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Discussion Starter #1
I have had at least 1 and most of the time 2 Honda EU2000I generators for most of 20 years and they are so dependable they make me feel invincible in knowing I have a solid game plan for power outages. I have I guess always used them in warm weather camping, boating and for outdoor projects. Today I went to my small town chiropractor appointment and his water was froze up out at the meter so I said I got this for you. Ran back home and spent the next 30 minutes fighting to get either of my Hondas to run. They always have non eth farm gas in them, never anything else. Fuel is fresh, This seems to just be the cold weather. They were in my unheated but attached garage so not really all that cold, I'd guess 40 degrees initially and dropping to 10 outdoors as I moved them outside one at a time to test fire before leaving with one on the back of my truck. I finally got one of them to start just before I took a 9mm to both. This particular set of generators are about 2 years old and have been flawless up until now with estimated 25 hours of run time. Some individual and some in tandem. This was very aggravating since I have always put my trust in them without fail. I have had both outside all afternoon at 15 degrees and now 10 again and 1 will still not even try to start, the one that did finally take off this morning will now barely start after after 15 or more pulls being in the cold all day. They were left outside to test and try and figure out what is going on. If I have to store these in a warmer box all their life to make them think it is summer I see no value in having them as a backup in winter. I am just amazed since I guess I have fortunately never needed one in cold weather. I got to figure something out here since I am getting older and the shoulders are not what they used to be, only got so much pulling on that rope in me these days. Please help. What is the deal with these generators not starting when it is cold ???? is there a trick. Thanks in advance for you thoughts.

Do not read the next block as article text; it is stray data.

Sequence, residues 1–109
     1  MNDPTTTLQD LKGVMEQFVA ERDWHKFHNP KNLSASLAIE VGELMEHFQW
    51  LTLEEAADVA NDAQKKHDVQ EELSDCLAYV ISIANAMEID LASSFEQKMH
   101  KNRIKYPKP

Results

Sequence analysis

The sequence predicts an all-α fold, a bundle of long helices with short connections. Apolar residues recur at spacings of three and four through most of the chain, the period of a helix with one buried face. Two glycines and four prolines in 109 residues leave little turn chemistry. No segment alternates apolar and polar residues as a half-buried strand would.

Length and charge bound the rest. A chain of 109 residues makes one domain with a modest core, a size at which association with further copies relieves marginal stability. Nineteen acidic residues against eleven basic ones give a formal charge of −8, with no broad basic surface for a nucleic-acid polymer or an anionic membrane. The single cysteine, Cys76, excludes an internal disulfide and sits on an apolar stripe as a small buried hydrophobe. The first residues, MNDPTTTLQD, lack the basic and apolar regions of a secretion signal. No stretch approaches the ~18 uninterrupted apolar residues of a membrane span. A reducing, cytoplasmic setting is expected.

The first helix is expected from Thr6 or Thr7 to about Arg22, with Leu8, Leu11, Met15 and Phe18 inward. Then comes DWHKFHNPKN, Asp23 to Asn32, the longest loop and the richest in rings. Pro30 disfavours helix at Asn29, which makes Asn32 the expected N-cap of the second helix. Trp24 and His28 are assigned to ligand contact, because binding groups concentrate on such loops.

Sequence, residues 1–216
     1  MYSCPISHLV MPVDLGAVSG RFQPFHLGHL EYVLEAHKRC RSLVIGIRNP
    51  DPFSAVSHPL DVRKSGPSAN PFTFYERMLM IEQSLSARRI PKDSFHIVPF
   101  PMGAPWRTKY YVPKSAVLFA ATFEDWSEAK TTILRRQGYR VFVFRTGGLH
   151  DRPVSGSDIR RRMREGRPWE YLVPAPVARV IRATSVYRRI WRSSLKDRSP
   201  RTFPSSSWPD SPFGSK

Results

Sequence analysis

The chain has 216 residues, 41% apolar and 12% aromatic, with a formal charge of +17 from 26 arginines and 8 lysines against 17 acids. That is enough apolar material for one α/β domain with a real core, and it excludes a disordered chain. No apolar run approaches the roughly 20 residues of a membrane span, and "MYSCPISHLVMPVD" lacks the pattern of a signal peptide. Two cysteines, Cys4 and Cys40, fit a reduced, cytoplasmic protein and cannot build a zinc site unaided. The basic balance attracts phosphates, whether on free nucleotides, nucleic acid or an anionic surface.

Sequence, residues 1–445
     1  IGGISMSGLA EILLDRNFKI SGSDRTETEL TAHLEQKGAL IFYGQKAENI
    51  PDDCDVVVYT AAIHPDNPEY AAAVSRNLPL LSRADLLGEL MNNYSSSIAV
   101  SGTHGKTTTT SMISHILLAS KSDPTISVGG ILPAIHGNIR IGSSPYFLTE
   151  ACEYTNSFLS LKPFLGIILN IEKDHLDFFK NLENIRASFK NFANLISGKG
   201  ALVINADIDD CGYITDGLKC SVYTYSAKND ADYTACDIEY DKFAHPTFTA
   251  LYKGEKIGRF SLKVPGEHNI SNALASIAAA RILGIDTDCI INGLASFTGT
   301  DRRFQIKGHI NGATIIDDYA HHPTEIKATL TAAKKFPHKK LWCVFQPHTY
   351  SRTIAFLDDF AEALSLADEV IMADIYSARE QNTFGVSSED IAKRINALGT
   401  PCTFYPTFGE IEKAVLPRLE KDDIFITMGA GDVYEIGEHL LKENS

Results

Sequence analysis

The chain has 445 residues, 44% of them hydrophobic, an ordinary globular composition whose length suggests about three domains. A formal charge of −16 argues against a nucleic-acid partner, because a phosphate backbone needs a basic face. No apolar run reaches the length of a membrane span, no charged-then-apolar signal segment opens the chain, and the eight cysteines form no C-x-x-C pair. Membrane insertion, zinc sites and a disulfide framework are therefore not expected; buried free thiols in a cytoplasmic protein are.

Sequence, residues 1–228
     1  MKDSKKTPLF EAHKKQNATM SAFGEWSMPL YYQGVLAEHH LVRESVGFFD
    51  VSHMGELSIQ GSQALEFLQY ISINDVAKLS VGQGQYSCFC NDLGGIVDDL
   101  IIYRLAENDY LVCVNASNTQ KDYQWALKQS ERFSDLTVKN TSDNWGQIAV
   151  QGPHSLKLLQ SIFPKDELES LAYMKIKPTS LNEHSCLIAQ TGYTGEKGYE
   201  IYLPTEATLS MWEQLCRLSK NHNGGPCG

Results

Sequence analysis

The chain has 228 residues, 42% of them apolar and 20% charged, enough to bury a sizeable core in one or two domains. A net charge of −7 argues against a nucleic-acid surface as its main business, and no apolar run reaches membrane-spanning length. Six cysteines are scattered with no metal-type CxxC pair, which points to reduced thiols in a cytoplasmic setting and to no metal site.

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Not sure if you are in the US or Canada but I believe theunits sold in Canada and possibly the northern States have Hondas “cold climatetechnology” which helps keep the crankcase ventilation tube free from iceformation and prevent generator shutdown. I believe you can add this option ifyou don’t already have it. . Also 5w30 oil will help in colder conditions.
John
 

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A Honda style compression release is not your friend in cold weather.